Rotator Cuff Injuries
What Is The Rotator Cuff?
The shoulder joint is a unique structure as much of its motion and position is regulated completely by the soft tissues that surround it. The rotator cuff is a combination of four muscles that are the primary stabilizers of the shoulder. They are responsible for properly positioning the head of the humerus in the shallow socket of the glenoid, a portion of the shoulder blade. Rotator cuff conditions can range from a minor annoyance to a severe, debilitating injury. The most common rotator cuff dysfunction involves an imbalance of the strength and muscle length of one or more of the muscles. When the 4 muscles of the cuff do not work in a synchronized manner, you may experience clicking through the shoulder joint with regular motions, or pain with slight weight bearing as the head of the humerus jams (impinges) into structures that it normally would not.
What Causes Rotator Cuff Injuries?
When minor imbalances are left untreated, this can lead to fraying, strains, and eventually tears of the rotator cuff, most commonly the Supraspinatus muscle. This is very common in patients over the age of 30, but can occur in people of any age. This repetitive damage can be from sports activity, repetitive motions at work, or from everyday life. Traumatic force, such as sports injuries, slips or falls may also lead to strains and tears of the rotator cuff. Some of the most common causes of rotator cuff injuries are:
- Throwing Sports
- Hitting Sports
- Collision Sports
- Rock Climbing
- Repetitive Work Injuries
- Hair Stylists
- Office or Computer Work
- Orchestra Conductors
- Custodial Work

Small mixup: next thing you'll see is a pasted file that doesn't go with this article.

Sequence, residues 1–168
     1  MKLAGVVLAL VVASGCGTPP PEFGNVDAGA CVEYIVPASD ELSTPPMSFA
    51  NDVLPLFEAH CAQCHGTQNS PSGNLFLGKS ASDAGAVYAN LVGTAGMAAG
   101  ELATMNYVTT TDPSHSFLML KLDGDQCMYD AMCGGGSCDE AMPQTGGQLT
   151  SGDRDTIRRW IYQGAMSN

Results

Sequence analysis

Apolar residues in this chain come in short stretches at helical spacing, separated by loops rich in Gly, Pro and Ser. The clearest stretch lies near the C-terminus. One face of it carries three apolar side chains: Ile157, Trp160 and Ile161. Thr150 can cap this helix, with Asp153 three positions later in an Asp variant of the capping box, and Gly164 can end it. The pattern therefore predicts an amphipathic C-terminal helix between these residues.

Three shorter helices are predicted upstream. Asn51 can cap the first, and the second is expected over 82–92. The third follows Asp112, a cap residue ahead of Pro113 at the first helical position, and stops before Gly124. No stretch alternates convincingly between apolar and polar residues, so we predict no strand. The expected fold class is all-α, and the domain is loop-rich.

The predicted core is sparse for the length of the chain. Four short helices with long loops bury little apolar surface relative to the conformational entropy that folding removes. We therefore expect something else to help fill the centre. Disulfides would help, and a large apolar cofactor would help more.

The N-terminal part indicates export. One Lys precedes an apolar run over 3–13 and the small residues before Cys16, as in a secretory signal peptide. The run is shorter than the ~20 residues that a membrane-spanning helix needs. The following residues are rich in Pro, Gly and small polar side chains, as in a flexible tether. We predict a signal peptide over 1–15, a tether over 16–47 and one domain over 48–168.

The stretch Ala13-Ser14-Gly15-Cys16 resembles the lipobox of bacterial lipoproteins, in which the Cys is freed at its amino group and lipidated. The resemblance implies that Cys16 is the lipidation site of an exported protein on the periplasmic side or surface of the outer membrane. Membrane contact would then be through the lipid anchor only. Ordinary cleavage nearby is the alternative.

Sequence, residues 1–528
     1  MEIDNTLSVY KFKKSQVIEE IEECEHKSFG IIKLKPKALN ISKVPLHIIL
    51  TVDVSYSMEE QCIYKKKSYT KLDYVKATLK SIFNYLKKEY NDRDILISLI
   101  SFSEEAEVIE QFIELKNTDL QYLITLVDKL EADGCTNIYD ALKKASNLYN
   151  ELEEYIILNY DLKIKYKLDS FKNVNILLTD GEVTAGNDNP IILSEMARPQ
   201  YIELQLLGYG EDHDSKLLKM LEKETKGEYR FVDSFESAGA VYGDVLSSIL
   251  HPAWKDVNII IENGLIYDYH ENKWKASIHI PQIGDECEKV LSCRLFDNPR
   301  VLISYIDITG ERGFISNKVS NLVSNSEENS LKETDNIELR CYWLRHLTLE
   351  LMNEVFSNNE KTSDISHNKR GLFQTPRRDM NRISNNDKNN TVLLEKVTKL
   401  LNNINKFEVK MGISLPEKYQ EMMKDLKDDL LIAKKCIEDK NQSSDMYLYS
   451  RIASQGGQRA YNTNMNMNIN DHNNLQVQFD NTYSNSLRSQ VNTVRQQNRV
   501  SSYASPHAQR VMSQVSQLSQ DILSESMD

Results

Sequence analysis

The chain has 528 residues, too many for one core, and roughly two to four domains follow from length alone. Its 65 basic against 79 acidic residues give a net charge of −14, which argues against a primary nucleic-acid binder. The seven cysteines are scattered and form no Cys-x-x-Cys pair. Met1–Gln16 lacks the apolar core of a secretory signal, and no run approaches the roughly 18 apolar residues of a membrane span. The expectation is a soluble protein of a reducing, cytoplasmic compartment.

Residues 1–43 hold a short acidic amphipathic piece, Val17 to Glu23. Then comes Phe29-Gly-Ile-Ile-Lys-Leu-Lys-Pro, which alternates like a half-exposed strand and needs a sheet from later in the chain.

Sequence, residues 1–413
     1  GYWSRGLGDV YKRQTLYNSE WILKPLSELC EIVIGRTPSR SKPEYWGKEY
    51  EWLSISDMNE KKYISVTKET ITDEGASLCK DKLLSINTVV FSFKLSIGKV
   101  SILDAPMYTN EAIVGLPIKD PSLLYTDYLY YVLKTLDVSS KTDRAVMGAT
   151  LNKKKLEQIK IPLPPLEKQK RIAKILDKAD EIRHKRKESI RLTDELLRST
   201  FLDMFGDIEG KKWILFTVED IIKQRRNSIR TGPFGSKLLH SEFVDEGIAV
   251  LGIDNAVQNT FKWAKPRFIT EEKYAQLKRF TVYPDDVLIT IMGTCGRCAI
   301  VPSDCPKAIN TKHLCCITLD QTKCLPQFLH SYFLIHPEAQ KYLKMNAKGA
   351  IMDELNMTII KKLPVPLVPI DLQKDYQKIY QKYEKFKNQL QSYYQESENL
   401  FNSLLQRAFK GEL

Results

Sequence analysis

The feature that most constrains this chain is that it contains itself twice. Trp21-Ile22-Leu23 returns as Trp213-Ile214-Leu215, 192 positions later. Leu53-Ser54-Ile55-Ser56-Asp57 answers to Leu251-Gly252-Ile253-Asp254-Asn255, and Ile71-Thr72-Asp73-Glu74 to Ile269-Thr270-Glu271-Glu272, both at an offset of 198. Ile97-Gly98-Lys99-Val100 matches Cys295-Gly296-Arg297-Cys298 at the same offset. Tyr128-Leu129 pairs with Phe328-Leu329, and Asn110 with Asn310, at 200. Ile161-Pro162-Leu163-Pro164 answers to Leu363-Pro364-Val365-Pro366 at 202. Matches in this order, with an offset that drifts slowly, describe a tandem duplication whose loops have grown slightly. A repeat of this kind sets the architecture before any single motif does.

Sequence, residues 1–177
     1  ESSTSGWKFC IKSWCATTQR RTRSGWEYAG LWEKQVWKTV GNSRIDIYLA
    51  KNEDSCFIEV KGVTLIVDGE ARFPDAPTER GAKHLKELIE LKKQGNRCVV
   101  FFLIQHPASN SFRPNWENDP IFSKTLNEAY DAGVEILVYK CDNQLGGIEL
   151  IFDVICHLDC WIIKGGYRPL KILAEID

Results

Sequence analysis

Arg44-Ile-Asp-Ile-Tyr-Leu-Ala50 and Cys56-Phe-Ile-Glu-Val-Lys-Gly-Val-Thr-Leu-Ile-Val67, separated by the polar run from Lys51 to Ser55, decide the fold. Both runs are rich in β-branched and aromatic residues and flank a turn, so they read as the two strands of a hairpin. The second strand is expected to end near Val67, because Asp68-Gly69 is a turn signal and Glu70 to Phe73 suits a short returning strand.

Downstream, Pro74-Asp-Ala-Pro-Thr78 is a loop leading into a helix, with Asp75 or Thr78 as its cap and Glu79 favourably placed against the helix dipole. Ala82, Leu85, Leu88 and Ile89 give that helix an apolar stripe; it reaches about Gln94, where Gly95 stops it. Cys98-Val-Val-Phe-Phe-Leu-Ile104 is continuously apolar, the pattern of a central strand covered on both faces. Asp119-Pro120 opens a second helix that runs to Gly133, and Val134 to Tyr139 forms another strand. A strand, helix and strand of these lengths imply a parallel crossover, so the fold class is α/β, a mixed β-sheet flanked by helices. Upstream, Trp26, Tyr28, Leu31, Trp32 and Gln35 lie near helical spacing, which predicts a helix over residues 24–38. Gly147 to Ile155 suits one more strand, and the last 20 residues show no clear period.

How Are Rotator Cuff Injuries Treated?
As with any injury, an ounce of prevention is worth a pound of cure. There are two important steps you can take to protect yourself from rotator cuff injuries. The first and most well-known step is to strengthen the rotator cuff. This is generally done with exercise bands or dumbbells by performing each range of motion with resistance. Lateral raises, front raises, internal rotation, external rotation, and extension should all be performed to strengthen the entire rotator cuff. For more specific instruction, check with your physician, personal trainer, or coach. The second step to preventing rotator cuff injuries is to maintain proper posture and spinal alignment. A 2015 study examined the posture and incidence of rotator cuff injuries in over 500 patients. According to the Journal of Shoulder and Elbow Surgery, "Prevalence of rotator cuff tears was 2.9% with ideal alignment, 65.8% with kyphotic-lordotic posture, 54.3% with flat-back posture, and 48.9% with sway-back posture. Logistic regression analysis identified increased age, abnormal posture, and past pain as factors associated with rotator cuff tears."
Shoulder injuries are commonly ignored until the necessary interventions are injection therapies or surgery. Here at Marty Chiropractic & Wellness, we focus on preventing the need for invasive treatments. Instead, we use chiropractic care, myofascial release, instrument assisted soft tissue mobilization (Graston Technique), and rehabilitative exercises to maintain proper nervous control of rotator cuff, create proper muscular balance through the joint, and train efficient biomechanics. These treatments are great for restoring muscular imbalances, treating sprains and strains at the shoulder, and can even be utilized post injection or surgery to prevent future injury.
Call (612) 440-5776 or request an appointment online today!